Without honest appraisals, mediocre executives will continue to climb the corporate ladder
I ‘ve been preoccupied lately with a disturbing yet common phenomenon in the agency business: “failing upwards.”
It’s when an executive is screwing up in his or her current job yet manages to get promoted or recruited into a bigger job with higher pay.
This person is not to be confused with someone who just doesn’t take well to new responsibilities. You know, the talented copywriter or art director who fails miserably when put in charge of an entire creative department. Or the competent account guy who is ill-equipped to run an agency.
I’m talking about the people with less-than-impressive track records who are repeatedly given great responsibilities. Like a CEO who runs an agency or two into the ground–only to be rewarded with an enviable post at a widely respected shop.
I wonder if any of this built-in mediocrity is a result of the fact that most agencies do not live by the respected axiom “honesty is the best policy” when someone is fired for poor performance.
Think about it. In the agency business, rarely does anyone actually get “fired.” You “resign,” “leave to pursue other interests,” “mutually agree to part ways” and one of the more curious explanations: “take a leave of absence” or a “sabbatical.”
Now, flip through Fortune or Forbes. These faltering CEOs get “axed,” “fired,” “terminated,” “ousted,” “booted” and “summarily dismissed.” Ouch. The most gentle characterization, my personal favorite, is when they are “shown the door.”
Granted, some of these CEOs get a $15 million parting gift, which makes a public roasting tolerable. Still, the gory details are laid out for all to see. Each shortcoming dissected; each personality quirk analyzed; each new employer dutifully informed. So why do agencies use such mild terminology to disguise a firing? Here are several theories.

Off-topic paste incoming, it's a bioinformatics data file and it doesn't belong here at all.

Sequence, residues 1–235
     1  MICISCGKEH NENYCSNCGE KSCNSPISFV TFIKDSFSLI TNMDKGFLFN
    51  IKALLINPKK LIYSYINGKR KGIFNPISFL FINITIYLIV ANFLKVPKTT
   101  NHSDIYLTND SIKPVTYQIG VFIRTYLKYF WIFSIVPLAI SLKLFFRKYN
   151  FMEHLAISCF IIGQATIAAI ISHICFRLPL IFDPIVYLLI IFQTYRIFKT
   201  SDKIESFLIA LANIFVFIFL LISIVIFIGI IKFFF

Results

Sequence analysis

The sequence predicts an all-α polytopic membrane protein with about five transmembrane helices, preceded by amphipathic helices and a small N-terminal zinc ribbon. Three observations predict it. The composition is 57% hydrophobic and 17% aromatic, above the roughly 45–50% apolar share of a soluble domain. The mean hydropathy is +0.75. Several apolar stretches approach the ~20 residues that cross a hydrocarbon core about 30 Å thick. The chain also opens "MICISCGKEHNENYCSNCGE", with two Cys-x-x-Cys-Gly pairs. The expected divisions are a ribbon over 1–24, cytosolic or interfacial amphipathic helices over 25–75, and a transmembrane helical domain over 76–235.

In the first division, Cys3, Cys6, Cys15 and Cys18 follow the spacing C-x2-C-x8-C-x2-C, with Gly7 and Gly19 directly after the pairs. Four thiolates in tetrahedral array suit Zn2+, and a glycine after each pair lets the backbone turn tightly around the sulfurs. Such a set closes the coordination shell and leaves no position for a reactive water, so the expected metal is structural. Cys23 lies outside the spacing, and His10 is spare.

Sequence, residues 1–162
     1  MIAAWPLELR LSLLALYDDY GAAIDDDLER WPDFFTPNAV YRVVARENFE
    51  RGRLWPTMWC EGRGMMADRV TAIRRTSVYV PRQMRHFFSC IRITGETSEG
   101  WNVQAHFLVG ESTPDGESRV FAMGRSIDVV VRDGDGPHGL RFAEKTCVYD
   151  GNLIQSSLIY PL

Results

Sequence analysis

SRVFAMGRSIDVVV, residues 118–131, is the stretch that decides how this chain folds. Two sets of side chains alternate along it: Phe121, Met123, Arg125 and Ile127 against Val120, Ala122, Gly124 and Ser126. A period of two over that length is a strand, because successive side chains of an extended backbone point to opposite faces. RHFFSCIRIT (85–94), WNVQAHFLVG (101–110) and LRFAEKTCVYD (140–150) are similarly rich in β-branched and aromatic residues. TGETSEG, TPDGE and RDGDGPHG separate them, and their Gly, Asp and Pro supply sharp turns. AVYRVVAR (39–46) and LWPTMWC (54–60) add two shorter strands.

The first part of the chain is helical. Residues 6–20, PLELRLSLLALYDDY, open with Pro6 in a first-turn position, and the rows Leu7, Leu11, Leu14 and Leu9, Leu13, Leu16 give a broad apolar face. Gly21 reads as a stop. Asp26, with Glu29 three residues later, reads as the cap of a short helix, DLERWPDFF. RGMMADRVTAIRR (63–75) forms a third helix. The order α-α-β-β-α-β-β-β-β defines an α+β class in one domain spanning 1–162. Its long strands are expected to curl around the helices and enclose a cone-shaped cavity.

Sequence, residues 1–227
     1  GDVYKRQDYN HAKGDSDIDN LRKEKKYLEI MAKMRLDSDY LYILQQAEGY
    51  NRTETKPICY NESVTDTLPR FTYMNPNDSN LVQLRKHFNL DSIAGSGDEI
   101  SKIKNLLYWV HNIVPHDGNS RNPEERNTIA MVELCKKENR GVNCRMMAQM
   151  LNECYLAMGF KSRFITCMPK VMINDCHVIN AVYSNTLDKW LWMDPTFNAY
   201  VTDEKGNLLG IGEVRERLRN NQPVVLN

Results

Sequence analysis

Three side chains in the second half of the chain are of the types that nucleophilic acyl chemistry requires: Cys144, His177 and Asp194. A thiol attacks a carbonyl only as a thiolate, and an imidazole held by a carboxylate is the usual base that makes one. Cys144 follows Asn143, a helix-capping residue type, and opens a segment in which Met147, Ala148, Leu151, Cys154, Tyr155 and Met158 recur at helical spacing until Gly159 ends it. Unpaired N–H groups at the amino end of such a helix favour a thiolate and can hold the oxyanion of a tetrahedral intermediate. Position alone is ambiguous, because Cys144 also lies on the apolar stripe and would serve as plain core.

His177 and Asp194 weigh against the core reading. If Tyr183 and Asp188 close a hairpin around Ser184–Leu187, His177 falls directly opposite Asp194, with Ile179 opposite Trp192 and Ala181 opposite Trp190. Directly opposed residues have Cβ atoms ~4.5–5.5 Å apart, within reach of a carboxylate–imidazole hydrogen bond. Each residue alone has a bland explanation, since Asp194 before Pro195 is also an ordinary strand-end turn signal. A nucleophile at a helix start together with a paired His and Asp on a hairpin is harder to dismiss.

The less-cynical observers believe the agency business is more civil than most and that “character assassination” is not appropriate in a relatively small, semi-incestuous community. “I have no interest in making someone look bad or hurting their career,” says one creative director.
The more selfish version of that is: “We don’t want to slam someone because it would make it more difficult for them to [leave us] by finding another job.”
One executive says he refuses to “fire” anyone publicly because it would make everyone look bad–including the person who hired the failed executive.
One respondent prefers to rely on habit and tradition. “You can’t say those things,” he says. When I pressed for a reason, he hesitated and offered meekly, “I don’t know, we just don’t do that in this business.” Brilliant.
Here’s a more logical reason: “Sometimes, I’m very tempted to be more honest and use the word “fire,” because, otherwise, the press and competitors think we lost a serious talent. But then I think of all the people running around this business who I’ll come across again, in a different life, and I think those harsh words would come back to haunt me someday.”
Here’s mine: If you publicly discuss your honest opinions about the perceived faults of a departing executive, you risk getting sued. Just ask Martin Puris or Chris Jones.